But the top adviser to Sen. John McCain repeated his assertion that the economy is not in recession, and he declined to retract the comments quoted yesterday in the Washington Times.

"I'm not going to retract any of it. Every word I said was true," Gramm said.

Yeah, boy! Way to not help out your candidate by backing down!

The real trouble for Mr. Straight Talk is that Gramm's remarks aren't just reflective of his own evil inner core, they're also revelatory of his candidate. Marc Ambinder explains:

McCain has baggage. Begin with his own statements about not undering economics; add to that a few reversals on policy, a very odd phrase about Social Security, a party linkage to President Bush, and pressure from professional conservatives to adopt an approach to economic problems that is more tough-love than lovey-dovey. Phil Gramm is not just an adviser; he's been a close adviser for years, and has influenced McCain's economic policies. Go back to the fundamental paradox of conservatives and economic crises: in many instances, the proscribed solution is to do nothing; the political imperative is exactly the opposite. Usually, a compromise takes the form of half-measures that will pacify the public and not weaken the fundamental architecture of the economy.

Today, Gramm has given voice to an idea that is not uncommon among ideologically conservative economists: the recession is as much a creation of our anxiety about the future as it is a reflection of economic fundamentals.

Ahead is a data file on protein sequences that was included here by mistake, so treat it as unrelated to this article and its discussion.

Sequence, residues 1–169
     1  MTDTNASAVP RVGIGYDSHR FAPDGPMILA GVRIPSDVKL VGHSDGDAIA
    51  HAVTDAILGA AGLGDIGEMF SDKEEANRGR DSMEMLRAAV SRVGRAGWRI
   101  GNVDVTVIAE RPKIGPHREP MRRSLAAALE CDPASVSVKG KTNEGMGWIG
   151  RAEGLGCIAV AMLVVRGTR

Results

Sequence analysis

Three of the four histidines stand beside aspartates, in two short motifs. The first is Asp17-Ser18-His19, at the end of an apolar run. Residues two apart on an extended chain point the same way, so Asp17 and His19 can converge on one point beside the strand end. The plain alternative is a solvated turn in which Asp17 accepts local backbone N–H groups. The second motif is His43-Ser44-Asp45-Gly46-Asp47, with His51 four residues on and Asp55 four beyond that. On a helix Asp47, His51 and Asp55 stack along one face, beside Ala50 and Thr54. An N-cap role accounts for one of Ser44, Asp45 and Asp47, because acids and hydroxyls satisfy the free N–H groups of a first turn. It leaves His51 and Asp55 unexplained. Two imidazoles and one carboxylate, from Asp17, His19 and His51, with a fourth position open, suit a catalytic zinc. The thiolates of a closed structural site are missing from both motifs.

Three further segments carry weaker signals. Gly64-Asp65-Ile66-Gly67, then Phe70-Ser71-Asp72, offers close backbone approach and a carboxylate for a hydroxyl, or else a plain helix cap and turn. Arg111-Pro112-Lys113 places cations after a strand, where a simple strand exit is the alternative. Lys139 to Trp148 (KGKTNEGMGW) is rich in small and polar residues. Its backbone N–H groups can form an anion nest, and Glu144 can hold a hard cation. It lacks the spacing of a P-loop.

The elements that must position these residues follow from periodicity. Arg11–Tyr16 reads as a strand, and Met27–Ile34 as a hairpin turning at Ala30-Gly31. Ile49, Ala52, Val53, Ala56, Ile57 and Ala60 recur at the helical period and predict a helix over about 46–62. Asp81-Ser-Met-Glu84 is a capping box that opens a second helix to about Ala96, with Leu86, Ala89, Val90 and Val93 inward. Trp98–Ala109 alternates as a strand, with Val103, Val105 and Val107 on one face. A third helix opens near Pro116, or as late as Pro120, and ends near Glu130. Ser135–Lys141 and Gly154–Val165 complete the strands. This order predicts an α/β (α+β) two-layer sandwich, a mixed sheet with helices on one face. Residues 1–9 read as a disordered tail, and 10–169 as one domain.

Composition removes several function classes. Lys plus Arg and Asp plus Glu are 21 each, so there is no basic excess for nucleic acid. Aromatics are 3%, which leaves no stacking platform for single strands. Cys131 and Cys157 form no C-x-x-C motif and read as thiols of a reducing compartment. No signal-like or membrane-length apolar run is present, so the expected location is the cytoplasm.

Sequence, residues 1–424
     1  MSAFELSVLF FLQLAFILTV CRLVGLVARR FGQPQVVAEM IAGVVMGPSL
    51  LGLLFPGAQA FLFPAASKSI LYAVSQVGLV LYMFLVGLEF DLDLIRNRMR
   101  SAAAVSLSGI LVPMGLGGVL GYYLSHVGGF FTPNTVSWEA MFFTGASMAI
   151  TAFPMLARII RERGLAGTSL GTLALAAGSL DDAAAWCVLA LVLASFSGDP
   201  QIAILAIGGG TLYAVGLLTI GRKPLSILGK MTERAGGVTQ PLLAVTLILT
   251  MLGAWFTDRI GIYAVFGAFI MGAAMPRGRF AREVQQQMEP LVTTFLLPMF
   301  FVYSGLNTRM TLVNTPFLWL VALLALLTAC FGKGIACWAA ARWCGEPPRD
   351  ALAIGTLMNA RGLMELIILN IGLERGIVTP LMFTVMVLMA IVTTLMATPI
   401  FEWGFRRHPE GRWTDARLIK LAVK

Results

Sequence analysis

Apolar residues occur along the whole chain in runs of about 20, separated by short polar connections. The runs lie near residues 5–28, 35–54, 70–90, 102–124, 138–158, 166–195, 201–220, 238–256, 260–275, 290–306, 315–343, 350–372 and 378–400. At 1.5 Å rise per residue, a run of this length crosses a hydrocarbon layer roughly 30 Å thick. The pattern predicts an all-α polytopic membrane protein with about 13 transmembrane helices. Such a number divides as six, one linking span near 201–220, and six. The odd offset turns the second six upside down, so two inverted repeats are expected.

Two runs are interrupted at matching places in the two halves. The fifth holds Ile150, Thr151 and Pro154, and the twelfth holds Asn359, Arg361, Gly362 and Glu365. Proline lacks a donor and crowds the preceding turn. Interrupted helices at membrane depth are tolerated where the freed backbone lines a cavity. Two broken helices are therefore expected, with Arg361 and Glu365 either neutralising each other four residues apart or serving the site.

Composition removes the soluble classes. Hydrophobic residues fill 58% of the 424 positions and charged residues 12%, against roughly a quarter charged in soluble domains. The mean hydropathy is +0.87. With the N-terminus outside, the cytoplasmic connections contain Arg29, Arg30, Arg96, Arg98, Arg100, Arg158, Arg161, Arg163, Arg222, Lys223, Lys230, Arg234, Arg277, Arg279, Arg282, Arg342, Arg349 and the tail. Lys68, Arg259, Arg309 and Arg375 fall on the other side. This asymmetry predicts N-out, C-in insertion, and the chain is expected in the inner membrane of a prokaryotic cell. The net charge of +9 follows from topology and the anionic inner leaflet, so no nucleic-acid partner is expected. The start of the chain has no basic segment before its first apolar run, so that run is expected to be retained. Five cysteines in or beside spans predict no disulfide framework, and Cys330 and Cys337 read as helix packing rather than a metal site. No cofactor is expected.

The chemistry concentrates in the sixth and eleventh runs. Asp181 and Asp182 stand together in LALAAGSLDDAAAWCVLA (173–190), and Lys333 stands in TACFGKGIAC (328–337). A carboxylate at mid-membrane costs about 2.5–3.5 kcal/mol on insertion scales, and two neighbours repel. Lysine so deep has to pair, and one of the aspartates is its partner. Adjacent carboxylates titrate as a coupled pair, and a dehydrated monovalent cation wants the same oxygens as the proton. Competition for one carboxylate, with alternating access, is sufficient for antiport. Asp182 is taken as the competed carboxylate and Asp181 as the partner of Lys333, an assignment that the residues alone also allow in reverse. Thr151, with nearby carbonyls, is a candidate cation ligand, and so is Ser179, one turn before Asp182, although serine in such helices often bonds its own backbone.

"Look, the economy is bad. It is far below what we Americans have a right to expect, but we are not in a recession," he said. "We may or may not have one in the future, but based on the data we are not in a recession. But that does not mean all this talk does not have a psychological impact."

Gramm represents one distinct force that is pulling at McCain: orthodox, academics who experience the world through graphs, charts and data. The other is represented on the campaign by policy chief Doug Holtz-Eakin, who experiences the economic world through the language of politics. Holtz-Eakin is more of an Eisenhower Republican than a Kemp Republican, although Gramm has always been a big proponent of a balanced budget. Gramm generally wants government to get out of the way and lets crises work their way out through the market, believing that interventions distort the market. Holtz-Eakin's economic bent is more applied; politics demands that leaders offer solutions, even if solutions are more about quelling anxiety than they are about fixing a problem.

These two approaches have ranked McCain before; Gramm's fingerprints were all over McCain's first attempt to explain the housing crisis: measured, incremental and market-oriented. Didn't work. McCain looked like an ogre, although professional conservatives cheered. Two weeks later, Gramm had little to do with McCain's second swing of the bat, a specific set of proposals designed to help families hit hardest by the crisis. There were echoes of the Grammar, if you will, in the second speech, but the tone was softer and less academic, the proposals were more generous, and the message was unambiguous: McCain understands the pain.


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posted by JReid @ 4:27 PM